This is an essay on ethnolichenology. To return to the main page click here.
Dr. Hansteen, who was the chief lecturer in the Agricultural School at Aas, Norway in 1911, prophesized that lichen was to become the great popular food of the masses, because of its cheapness and nutritive properties (Swartz 1911). This didn't happen, but lichens have frequently been used as food by people. They have often been used as famine food, but there are also many peoples who have used lichens for food on a more regular basis. Lichens are sometimes even been used as a delicacy (like Umbilicaria esculenta in Japan) or a dessert (like Cetraria islandica in Scandinavia).
There are two problems that people have generally encountered when eating lichens. The first problem is the secondary lichen compound often found in lichens. Most lichens contain a variety of secondary compounds. These compounds are generally unique to lichens and because of this are referred to as 'lichen compounds'. Lichen compounds are usually acids and thus have an acrid flavor. Only two lichen compounds have been found to be poisonous, vulpinic acid and pinastric acid, and these compounds would have to be ingested in significant amounts to be fatal for humans. But many other lichen compounds are herbivore deterrents, and can be very bad tasting, a digestive irritant, and would could probably even be toxic if eaten in large quantities for extended periods of time.
The second problem with eating lichens is that the complex carbohydrates in lichens are not easily broken down in the human digestive tract. Lichens contain a variety of polysaccharides. They usually contain lichenin (soluble in hot water) and/or isolichenin (soluble in cold water, turns iodine purple), and can often also contain other lichen polysaccharides such as evernin and usnin (Swartz 1911). Lichens can also often contain small quantities of polysaccharides often found in other plants, such as cellulose and inulin (Perez-Llano 1944). Lichen carbohydrates were fairly well studied over a century ago, after Külz suggested in 1874 that they could be eaten as substitute carbohydrates by diabetics (Swartz 1911). They did not discover a cure for diabetes, but they did discover that these lichen polysaccharides were not digestible by humans, dogs, or rabbits (Swartz, 1911). However, if lichenin and isolichenin are hydrolyzed, they yield glucose and other readily digestible simple sugars.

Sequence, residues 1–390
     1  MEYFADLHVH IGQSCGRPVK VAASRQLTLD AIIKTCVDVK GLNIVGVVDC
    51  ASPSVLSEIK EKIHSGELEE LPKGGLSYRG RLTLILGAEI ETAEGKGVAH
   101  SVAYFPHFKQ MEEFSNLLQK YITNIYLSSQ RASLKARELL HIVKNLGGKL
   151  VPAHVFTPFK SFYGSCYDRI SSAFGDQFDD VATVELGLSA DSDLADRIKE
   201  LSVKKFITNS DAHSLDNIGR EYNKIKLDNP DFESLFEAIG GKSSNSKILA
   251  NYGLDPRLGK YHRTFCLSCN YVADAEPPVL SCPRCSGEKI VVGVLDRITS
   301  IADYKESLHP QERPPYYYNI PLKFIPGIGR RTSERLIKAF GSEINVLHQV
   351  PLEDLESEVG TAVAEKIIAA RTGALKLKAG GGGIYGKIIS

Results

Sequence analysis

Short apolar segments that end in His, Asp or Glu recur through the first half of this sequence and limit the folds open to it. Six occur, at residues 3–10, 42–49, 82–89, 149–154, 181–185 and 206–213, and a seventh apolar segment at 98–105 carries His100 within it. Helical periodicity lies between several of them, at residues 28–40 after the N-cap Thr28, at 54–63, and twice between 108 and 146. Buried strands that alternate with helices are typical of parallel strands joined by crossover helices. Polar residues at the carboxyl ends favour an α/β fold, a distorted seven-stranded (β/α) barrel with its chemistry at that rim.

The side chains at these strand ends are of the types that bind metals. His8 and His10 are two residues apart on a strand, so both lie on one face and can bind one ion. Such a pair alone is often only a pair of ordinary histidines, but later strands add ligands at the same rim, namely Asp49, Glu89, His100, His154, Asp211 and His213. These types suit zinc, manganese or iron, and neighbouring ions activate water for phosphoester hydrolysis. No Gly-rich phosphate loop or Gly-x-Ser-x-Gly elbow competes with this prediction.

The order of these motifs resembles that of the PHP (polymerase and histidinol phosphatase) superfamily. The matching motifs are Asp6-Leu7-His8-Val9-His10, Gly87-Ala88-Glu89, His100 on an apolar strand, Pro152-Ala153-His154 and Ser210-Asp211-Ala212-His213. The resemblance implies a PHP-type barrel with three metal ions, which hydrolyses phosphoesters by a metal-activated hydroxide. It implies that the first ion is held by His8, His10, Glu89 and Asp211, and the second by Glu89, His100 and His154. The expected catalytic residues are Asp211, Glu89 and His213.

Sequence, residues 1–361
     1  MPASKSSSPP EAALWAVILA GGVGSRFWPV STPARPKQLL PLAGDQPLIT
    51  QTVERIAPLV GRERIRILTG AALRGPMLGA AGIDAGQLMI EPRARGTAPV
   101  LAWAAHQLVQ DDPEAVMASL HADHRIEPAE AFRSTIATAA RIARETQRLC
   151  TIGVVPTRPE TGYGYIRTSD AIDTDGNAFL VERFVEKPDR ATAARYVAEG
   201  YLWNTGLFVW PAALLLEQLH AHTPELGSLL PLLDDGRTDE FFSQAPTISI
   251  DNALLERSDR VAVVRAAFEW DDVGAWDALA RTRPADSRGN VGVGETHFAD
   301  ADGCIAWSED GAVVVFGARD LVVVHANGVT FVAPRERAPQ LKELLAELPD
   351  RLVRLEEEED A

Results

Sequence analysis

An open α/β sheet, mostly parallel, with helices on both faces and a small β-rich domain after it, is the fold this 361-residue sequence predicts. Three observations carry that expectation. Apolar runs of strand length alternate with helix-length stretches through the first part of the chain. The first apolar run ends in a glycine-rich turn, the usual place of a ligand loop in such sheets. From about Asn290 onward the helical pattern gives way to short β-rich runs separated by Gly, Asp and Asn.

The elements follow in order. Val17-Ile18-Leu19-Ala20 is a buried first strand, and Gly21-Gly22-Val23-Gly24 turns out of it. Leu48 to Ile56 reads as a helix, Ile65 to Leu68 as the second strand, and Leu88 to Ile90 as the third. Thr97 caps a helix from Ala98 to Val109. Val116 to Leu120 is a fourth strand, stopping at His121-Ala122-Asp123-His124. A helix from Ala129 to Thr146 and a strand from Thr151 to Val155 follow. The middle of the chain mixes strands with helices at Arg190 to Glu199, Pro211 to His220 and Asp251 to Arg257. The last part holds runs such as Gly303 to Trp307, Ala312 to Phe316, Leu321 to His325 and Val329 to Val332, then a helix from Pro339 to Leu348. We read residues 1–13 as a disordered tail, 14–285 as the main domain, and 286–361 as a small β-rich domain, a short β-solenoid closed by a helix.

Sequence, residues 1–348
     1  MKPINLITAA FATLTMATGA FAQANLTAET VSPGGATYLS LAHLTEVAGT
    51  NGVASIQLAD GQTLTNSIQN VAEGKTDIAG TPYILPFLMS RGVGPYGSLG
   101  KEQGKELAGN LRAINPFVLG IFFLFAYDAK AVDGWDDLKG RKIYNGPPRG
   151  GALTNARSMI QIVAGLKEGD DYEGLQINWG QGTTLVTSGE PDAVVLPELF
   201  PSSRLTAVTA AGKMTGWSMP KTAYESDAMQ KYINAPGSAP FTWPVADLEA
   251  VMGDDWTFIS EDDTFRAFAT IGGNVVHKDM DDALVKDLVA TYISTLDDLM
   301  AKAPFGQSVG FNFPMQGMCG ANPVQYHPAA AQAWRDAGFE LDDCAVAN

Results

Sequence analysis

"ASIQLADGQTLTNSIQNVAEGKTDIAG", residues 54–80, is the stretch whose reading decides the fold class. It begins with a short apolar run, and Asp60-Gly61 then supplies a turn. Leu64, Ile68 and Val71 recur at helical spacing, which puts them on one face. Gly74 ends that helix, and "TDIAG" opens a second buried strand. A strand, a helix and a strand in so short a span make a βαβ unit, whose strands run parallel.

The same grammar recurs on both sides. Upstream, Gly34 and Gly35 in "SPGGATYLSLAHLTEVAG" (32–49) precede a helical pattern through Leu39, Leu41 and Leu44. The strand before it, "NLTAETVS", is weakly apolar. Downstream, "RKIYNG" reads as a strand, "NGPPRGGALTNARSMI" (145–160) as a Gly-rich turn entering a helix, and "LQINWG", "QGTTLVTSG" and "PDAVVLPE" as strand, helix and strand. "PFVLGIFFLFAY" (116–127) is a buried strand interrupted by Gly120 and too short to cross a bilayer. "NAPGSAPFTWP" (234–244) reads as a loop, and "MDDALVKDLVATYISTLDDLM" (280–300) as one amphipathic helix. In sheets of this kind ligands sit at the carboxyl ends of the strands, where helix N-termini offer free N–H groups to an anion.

People have traditionally used various preparation methods to make lichens edible by removing the lichen secondary compounds and hydrolyzing the lichen polysaccharides. Table 1 summarizes these various techniques. The most frequently used preparation technique is boiling or steaming. This has been used by groups of people from North America, Europe, and India. Boiling would help to hydrolyze the lichen polysaccharides into digestible forms. It would also help to remove many lichen compounds. It is often recorded that people would boil the lichen and discard the water, which indicates that the boiling water was being used to remove the lichen compounds.
The lichen was also often soaked or rinsed with water. This could have removed some lichen compounds as well, but they are generally not very soluble in pure water. Both the Iroquois and northern Europeans are recorded to have soaked the lichens in ash water. Wood ash is alkaline, and so it would have been a lot more effective in removing the acidic lichen compounds. Alkali could also help to hydrolyze lichen polysaccharides.
The addition of dilute acid, or acidic things like onion, is common when cooking lichen. Acids could possible have helped to hydrolyze lichen polysaccharides, or they might make some lichen compounds more water soluble.
The value of lichens as a food stuff is probably usually just as a source of carbohydrates. The nutrient composition of lichens varies widely between different species of lichens but they are generally high in carbohydrates and low in most other nutrients.
Lichens may also provide some other nutrients. Lal and Ranganatha Rao (1956) found calcium and iron levels to higher in lichens than cereals and more comparable to green leafy materials. The calcium to phosphorus ratio they found was from 2 to 14, showed that lichens could serve as a good source of calcium. Peltigera canina has been found to be relatively high in protein and essential amino acids. Various studies have shown lichens to contain some vitamins, but results have not been consistent.
Table 2 summarizes the findings of different studies on the nutritional value of lichens. The various findings have not been consistent. This variation probably partly arises from variation in nutrient composition between and within species. Some of the variation is also likely experimental error as some of the studies are quite old.
Lichens can also accumulate toxins from their environment. Cetraria islandica and Cladina spp. have been found to contain particularly high levels of lead, cadmium, and mercury. Parmelia saxatilis and Xanthoria parietina have been found to absorb enough beryllium from their environment to harmful to animals (Perez-Llano 1944). In some areas Parmelia molliuscula can contain toxic levels of selenium salt (Perez-Llano 1944). And the natural radionuclides Po-210 and Pb-210 both accumulate in lichens, as well as Cs-137 and Sr-90 from nuclear test explosions (Airaksinen et al. 1986).